Read this short Q&A with IPD Director Dr. David Baker on the recent Cell publication entitled A computationally designed inhibitor of an Epstein-Barr viral Bcl-2 protein induces apoptosis in infected cells.

graphical_abstract_2Q: What is the IP status of your findings?

A: A patent application has been filed for BINDI protein.  Prior patents have been granted for earlier generation copolymer-based delivery vehicles that cover aspects of the intracellular delivery agents used in this study.

Q: What is the licensing status of your work?

A: We have not yet thought about how the BINDI protein would be licensed.  The main reason for patent protection is to help protect later generation variants that we are creating to specifically bind all endogenous human BCL-2 family members.  These protein variants may be useful in characterizing BCL2-dependency of different cancers, and might be useful therapeutics in a range of cancers if delivered intracellularly.  Epsetin-Barr virus (EBV)-positive Burkitt’s lymphoma is rare in the Western world, and is mostly found in areas with endemic malaria, especially equatorial Africa.  It is an extremely fast-growing cancer, but that also makes it quite susceptible to current chemotherapies.  Hence while BINDI nicely demonstrates the principle of delivering a specific toxin to cancer cells, it is likely in the future that other specific toxins targeting alternative cancer types will find a wider market.

Q: Are there any companies involved with this or future work?

A: Yes.  Patrick Stayton (UW) and Oliver Press (FHCRC and UW) who are co-authors on this paper, together with three others, co-founded the company PhaseRx.  This company uses copolymer-based micelle carriers to deliver RNA inside target cells, in particular liver cancer.  The polymeric carriers combined with the antibody-targeting that we used in our manuscript are exciting advances because we now deliver proteins intracellularly.

Q: What next steps will you be undertaking in order to use BINDI to treat Epstein-Barr virus-associated cancers? Are your first goals to optimize the dosing, the targeting, and the carrier to increase therapeutic efficacy of BINDI?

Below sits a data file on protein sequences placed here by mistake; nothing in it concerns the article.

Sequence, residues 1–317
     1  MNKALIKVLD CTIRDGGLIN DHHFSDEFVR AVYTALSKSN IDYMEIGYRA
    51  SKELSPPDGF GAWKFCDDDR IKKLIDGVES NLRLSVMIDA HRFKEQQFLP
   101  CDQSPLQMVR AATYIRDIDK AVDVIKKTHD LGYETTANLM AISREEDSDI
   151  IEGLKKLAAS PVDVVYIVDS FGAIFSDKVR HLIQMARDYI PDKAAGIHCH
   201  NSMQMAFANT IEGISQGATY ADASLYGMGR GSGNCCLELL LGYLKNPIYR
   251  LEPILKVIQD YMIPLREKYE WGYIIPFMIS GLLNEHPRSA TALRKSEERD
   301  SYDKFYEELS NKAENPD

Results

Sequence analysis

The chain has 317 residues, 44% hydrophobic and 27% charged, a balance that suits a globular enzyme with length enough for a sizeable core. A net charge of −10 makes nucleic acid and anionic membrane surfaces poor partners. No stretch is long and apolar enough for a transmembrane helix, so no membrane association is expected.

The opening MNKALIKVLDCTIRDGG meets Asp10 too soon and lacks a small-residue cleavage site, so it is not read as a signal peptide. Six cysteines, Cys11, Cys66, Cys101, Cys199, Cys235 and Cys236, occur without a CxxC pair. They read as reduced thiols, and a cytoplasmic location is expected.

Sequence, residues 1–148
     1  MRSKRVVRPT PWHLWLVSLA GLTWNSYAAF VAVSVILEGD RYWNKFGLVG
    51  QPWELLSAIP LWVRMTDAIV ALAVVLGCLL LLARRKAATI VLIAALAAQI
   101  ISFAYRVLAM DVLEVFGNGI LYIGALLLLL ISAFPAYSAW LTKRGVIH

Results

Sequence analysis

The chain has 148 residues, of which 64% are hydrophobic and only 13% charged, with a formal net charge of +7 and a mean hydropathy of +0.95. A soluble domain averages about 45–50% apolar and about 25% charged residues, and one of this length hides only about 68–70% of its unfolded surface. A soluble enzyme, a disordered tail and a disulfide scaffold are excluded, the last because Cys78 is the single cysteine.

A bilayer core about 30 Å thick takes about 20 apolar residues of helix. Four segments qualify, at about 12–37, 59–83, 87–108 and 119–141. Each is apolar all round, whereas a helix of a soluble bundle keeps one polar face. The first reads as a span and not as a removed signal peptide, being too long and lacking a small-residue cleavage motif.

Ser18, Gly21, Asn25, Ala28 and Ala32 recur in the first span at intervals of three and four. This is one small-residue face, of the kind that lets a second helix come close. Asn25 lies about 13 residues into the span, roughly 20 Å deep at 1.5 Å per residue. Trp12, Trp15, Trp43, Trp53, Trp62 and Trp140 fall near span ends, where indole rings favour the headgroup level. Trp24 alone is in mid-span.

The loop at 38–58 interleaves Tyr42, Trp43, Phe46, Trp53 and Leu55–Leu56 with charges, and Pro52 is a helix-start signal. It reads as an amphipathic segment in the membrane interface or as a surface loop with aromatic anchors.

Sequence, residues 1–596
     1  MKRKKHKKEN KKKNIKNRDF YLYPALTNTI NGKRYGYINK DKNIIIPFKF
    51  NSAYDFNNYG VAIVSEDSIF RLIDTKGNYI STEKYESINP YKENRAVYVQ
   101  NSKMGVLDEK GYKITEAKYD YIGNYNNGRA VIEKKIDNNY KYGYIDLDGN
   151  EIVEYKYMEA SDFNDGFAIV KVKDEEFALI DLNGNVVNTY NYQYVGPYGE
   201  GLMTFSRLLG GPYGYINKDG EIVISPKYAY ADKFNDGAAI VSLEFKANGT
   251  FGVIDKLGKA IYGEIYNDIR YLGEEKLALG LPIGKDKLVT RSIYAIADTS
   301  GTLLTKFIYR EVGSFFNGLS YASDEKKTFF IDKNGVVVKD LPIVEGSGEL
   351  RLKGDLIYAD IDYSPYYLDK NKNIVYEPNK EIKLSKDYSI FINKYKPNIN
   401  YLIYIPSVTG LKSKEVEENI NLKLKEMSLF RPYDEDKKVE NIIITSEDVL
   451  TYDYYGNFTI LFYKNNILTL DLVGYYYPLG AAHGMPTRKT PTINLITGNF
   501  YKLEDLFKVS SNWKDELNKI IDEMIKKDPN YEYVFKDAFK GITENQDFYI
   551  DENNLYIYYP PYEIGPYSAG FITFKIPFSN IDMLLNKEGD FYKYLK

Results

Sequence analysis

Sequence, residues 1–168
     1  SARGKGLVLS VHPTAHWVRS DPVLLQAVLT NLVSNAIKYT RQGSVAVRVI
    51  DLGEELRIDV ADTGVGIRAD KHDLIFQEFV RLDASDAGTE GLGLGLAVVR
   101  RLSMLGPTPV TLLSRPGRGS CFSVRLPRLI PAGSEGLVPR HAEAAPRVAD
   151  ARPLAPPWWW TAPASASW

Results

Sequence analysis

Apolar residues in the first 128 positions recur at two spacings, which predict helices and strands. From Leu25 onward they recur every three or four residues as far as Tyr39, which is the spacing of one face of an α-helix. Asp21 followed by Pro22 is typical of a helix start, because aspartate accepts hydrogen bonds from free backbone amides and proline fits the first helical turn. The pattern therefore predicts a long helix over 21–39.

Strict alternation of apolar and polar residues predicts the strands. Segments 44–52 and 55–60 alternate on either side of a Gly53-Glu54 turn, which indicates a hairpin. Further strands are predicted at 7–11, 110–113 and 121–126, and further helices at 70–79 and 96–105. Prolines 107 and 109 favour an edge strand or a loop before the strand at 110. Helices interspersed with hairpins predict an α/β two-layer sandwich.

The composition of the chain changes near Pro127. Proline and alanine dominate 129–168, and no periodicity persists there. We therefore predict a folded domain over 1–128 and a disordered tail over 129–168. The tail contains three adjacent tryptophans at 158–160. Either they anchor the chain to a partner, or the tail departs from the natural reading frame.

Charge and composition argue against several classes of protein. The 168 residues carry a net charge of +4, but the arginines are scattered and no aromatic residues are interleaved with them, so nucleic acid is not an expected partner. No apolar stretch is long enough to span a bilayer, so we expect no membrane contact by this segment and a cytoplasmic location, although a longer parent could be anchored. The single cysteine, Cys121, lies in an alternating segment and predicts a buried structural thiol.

A: BINDI is already spectacularly tight and specific amongst BCL-2 family members.  Whether it inadvertently binds other cellular proteins to cause unwanted toxicity, we do not know.  Were we to improve BINDI, we would make it catalytic (i.e. a protease to destroy EBV BHRF1), but our efforts are instead focused on creating other specific BCL-2 family binders (see comments to second question above).  In regards to the micelle carrier, there is much room for optimization.  This includes optimizing dosing, finding the ideal antibody for receptor-mediated endocytosis, finding the optimum chemical attachment between the copolymer and antibody or payload, and varying the composition and lengths of the copolymer blocks.  Many of these experiments are done in mice and therefore take a significant amount of time. Patrick Stayton and Geoffrey Berguig have a manuscript in submission describing some of these ongoing experiments.

Q: Do you have any other comments on the implications on these findings that you would like to share?

A: Computationally designing proteins with desired functions is going to change the face of biotechnology, and open the door to a whole new world of biopharmaceuticals.

The BINDI protein was designed in the laboratory of Dr. David Baker who is the Director of the Institute for Protein Design , a highly collaborative organization operated within the School of Medicine at the University of Washington, and linked to numerous Seattle area collaborating researchers.  The goal of the IPD  is to design a whole new world of synthetic proteins that address 21st century challenges in medicine, energy, and technology.

To further develop new protein designs like BINDI to the point that they can be commercialized or form the basis for new startup companies , the IPD has established a Translational Research Center supported in part by a $1.4M Opportunity Grant Award from the Life Sciences Discovery Fund, and ~$5.2 M in generous matching fund support from the UW (both the President and the School of Medicine), local philanthropists, and the Washington Research Foundation.

The IPD has established tightly woven interdisciplinary collaborations like that reported in the Cell  paper, to produce, test, and validate new protein designs for vaccines, therapeutics, diagnostics, enzymes, nanomaterials, and clean energy.   Our collaborative efforts have recently been enhanced with an $8M gift from the Washington Research Foundation (WRF) for the WRF-IPD Innovation Fellows program supporting talented postdoctoral fellows who will learn, improve and apply protein design methods in collaboration with local partner institutes.  Additional funding for the IPD has come from Governor Jay Inslee’s 2014 Supplemental Budget (4-13-14) which included $1 million for the Institute for Protein Design.